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Sunday, September 3, 2017

A Homily – Matthew 16:21 - 27 ©

The Gospel According to Matthew – 2017.09.03


In Good Company

The most salient point we should take from this reading is not:

The prophecy of Jesus regarding his death in Jerusalem, and the resurrection that followed, this is the propaganda of the church.

It is not the suggestion that those who follow Jesus must suffer and die for their faith as Jesus did, this may be true and it may not be true.

It is not the notion that there is a divine quid pro quo, that life is restored to those who sacrifice it, that the economy of salvation is a system of bartering.

It is not the notion that there is a reward waiting for us at the end of days, meted out according to measurable good and bad behavior.

What is important to note is that the disciples, Peter as chief among them, did not understand the mission of Jesus, they rejected it, the scolded him for his intention to follow it, even at the risk of his own life.

Jesus named Peter an enemy, called him Satan, Peter would later deny him.

Peter and the disciples lived with Jesus, they were closer to him than anyone else, they ate with him, prayed with him, walked with him, slept next to him.

Even they were confused about his mission.

If you find yourself confused about the way of Jesus, do not worry, you are in good company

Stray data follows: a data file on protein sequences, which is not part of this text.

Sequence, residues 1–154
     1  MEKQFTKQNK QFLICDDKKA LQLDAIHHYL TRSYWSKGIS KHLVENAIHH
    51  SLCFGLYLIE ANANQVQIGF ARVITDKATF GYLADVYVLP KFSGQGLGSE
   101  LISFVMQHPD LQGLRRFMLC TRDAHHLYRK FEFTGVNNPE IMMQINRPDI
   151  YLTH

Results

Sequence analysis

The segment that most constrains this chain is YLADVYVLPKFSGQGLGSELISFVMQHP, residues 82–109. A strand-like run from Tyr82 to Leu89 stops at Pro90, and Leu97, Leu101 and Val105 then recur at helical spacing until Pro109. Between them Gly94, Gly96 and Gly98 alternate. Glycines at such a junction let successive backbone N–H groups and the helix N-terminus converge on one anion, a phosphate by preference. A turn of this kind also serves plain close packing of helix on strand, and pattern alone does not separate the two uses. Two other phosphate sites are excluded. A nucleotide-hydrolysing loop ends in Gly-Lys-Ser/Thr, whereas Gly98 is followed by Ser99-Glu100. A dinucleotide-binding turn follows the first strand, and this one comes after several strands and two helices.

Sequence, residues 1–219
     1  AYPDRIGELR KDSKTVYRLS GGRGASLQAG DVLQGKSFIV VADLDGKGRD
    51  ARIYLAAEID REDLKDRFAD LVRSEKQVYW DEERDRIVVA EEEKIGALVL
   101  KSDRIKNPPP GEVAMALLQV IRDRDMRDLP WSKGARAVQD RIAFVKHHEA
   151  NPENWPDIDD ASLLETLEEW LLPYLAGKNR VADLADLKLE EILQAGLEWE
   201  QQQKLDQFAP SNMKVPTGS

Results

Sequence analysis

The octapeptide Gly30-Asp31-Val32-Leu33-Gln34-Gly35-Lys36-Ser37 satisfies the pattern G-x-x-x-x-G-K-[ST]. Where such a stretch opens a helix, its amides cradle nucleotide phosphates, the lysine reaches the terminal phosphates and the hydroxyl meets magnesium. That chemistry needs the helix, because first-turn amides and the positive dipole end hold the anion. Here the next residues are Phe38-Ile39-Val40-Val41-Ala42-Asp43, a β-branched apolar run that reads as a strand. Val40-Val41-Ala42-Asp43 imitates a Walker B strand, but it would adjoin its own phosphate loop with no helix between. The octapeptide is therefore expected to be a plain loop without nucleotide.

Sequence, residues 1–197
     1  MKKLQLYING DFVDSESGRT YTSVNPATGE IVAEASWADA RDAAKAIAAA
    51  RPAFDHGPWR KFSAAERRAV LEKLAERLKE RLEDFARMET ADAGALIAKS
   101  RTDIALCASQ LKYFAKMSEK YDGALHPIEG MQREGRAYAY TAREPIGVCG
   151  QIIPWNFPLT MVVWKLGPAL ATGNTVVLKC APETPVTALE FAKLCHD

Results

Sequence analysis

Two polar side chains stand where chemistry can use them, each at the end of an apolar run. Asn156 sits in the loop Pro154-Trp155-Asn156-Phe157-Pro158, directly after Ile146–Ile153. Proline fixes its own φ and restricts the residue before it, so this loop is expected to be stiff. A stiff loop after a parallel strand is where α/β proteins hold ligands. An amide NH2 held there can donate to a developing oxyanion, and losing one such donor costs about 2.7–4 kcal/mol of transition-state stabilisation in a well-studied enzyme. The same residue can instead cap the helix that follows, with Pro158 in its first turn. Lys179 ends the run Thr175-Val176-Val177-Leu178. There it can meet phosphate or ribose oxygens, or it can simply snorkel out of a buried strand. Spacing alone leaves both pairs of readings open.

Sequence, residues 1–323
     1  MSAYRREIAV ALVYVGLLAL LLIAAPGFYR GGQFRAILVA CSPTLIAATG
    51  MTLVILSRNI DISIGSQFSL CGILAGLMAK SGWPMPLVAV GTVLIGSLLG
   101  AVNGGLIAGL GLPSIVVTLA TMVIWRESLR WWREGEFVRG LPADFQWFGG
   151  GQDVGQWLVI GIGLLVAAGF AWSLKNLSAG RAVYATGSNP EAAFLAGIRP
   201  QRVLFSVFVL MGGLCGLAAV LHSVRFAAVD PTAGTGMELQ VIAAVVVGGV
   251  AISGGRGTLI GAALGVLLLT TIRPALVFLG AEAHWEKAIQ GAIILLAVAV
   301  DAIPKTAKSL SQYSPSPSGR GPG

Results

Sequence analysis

Peter’s Confusion

Jesus began to make it clear to his disciples that he was destined to go to Jerusalem and suffer grievously at the hands of the elders and chief priests and scribes, to be put to death and to be raised up on the third day. Then, taking him aside, Peter started to remonstrate with him. ‘Heaven preserve you, Lord;’ he said ‘this must not happen to you.’ But he turned and said to Peter, ‘Get behind me, Satan! You are an obstacle in my path, because the way you think is not God’s way but man’s.’
 
Then Jesus said to his disciples, ‘If anyone wants to be a follower of mine, let him renounce himself and take up his cross and follow me. For anyone who wants to save his life will lose it; but anyone who loses his life for my sake will find it. What, then, will a man gain if he wins the whole world and ruins his life? Or what has a man to offer in exchange for his life?

  ‘For the Son of Man is going to come in the glory of his Father with his angels, and, when he does, he will reward each one according to his behaviour.’



22nd Sunday in Ordinary Time

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